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The Younger Edda Also called Snorre's Edda, or The Prose Edda   By: (1179?-1241)

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First Page:

[A few Greek words have been transliterated and placed between marks. The [oe] cluster is shown in brackets to distinguish it from "oe" as separate letters.]


also called


An English Version of the Foreword; The Fooling of Gylfe, The Afterword; Brage's Talk, The Afterword to Brage's Talk, and the Important Passages in the Poetical Diction (Skaldskaparmal).

with an

Introduction, Notes, Vocabulary, and Index.


Formerly Professor of the Scandinavian Languages in the University of Wisconsin, Ex U.S. Minister to Denmark, Author of "America Not Discovered By Columbus," "Norse Mythology," "Viking Tales Of The North," etc.

Chicago Scott, Foresman and Company 1901

Copyright, 1879, By S. C. Griggs and Company.

Press of The Henry O. Shepard Co. Chicago.



Ambassador to the Court of St. James, in Grateful Recollection of Pleasant Official Relations.


In the beginning, before the heaven and the earth and the sea were created, the great abyss Ginungagap was without form and void, and the spirit of Fimbultyr moved upon the face of the deep, until the ice cold rivers, the Elivogs, flowing from Niflheim, came in contact with the dazzling flames from Muspelheim. This was before Chaos.

And Fimbultyr said: Let the melted drops of vapor quicken into life, and the giant Ymer was born in the midst of Ginungagap. He was not a god, but the father of all the race of evil giants. This was Chaos.

And Fimbultyr said: Let Ymer be slain and let order be established. And straightway Odin and his brothers the bright sons of Bure gave Ymer a mortal wound, and from his body made they the universe; from his flesh, the earth; from his blood, the sea; from his bones, the rocks; from his hair, the trees; from his skull, the vaulted heavens; from his eye brows, the bulwark called Midgard. And the gods formed man and woman in their own image of two trees, and breathed into them the breath of life. Ask and Embla became living souls, and they received a garden in Midgard as a dwelling place for themselves and their children until the end of time. This was Cosmos.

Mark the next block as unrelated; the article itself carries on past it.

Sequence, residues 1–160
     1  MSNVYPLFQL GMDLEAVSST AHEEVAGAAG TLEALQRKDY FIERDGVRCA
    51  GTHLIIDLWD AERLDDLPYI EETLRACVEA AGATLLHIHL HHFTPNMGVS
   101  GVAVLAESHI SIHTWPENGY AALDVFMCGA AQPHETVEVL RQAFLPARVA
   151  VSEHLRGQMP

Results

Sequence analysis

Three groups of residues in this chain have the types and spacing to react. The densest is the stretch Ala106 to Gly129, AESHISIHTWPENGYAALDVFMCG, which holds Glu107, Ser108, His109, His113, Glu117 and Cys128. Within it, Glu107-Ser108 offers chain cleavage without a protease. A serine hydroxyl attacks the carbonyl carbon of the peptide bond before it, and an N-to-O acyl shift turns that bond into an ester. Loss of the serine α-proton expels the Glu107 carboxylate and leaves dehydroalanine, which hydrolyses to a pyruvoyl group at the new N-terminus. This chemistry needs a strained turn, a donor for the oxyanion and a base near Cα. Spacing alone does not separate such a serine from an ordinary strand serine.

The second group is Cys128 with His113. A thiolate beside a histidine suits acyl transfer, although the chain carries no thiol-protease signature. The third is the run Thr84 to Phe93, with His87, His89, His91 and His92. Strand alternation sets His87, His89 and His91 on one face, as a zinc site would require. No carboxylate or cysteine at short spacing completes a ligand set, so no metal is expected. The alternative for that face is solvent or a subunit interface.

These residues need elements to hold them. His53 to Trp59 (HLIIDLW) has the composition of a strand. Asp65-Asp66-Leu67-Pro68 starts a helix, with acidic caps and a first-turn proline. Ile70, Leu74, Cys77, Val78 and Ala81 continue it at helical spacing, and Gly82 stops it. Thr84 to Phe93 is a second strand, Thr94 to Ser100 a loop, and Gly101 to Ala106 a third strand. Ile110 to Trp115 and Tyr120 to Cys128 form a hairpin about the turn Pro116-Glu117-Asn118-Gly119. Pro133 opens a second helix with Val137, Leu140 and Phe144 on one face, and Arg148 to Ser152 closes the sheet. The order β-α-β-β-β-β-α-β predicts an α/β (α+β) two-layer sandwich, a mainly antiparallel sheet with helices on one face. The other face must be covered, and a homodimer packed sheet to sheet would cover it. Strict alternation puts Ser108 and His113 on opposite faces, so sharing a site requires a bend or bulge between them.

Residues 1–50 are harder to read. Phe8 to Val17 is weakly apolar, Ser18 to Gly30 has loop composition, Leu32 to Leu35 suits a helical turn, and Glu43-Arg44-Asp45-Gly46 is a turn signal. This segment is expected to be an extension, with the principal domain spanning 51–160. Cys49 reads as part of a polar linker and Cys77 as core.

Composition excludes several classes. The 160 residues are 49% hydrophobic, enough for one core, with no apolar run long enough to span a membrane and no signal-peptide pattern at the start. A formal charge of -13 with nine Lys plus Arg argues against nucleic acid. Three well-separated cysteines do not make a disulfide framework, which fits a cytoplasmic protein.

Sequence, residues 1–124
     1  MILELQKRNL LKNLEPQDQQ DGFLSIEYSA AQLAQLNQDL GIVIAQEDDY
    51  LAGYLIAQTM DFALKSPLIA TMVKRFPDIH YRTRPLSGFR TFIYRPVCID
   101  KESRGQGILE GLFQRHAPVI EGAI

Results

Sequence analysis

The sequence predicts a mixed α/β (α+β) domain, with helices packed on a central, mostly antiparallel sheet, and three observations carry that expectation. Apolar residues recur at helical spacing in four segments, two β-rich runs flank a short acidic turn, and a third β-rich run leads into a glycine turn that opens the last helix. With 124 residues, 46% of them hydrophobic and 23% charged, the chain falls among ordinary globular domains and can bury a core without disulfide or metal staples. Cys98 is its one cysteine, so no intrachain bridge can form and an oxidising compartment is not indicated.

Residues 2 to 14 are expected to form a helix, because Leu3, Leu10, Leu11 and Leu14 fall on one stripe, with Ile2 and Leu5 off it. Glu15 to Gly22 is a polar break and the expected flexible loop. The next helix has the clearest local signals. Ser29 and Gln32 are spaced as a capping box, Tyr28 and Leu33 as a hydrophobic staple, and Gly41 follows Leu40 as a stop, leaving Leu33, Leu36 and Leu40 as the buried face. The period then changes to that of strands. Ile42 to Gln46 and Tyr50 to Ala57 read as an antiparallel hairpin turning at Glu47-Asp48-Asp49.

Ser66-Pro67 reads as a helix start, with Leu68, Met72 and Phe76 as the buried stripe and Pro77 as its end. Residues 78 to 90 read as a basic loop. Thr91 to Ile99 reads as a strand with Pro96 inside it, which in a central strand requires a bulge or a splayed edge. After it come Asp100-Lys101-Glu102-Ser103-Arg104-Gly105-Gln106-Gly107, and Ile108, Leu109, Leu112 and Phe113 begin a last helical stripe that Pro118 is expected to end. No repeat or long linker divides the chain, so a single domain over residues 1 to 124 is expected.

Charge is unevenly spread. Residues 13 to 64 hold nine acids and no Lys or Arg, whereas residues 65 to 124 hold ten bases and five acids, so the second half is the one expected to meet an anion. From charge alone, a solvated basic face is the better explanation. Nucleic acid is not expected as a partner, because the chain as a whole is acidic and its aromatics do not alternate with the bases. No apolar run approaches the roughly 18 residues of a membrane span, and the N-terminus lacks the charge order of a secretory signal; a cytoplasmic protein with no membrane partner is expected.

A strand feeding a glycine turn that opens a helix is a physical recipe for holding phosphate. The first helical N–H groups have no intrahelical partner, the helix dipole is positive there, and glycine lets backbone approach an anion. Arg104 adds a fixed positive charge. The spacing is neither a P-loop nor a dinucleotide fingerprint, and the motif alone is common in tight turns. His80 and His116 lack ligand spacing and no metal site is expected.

The world's last day approaches. All bonds and fetters that bound the forces of heaven and earth together are severed, and the powers of good and of evil are brought together in an internecine feud. Loke advances with the Fenris wolf and the Midgard serpent, his own children, with all the hosts of the giants, and with Surt, who flings fire and flame over the world. Odin advances with all the asas and all the blessed einherjes. They meet, contend, and fall. The wolf swallows Odin but Vidar, the Silent, sets his foot upon the monster's lower jaw, he seizes the other with his hand, and thus rends him till he dies. Frey encounters Surt, and terrible blows are given ere Frey falls. Heimdal and Loke fight and kill each other, and so do Tyr and the dog Garm from the Gnipa Cave. Asa Thor fells the Midgard serpent with his Mjolner, but he retreats only nine paces when he himself falls dead, suffocated by the serpent's venom. Then smoke wreathes up around the ash Ygdrasil, the high flames play against the heavens, the graves of the gods, of the giants and of men are swallowed up by the sea, and the end has come. This is Ragnarok, the twilight of the gods.

But the radiant dawn follows the night. The earth, completely green, rises again from the sea, and where the mews have but just been rocking on restless waves, rich fields unplowed and unsown, now wave their golden harvests before the gentle breezes... Continue reading book >>

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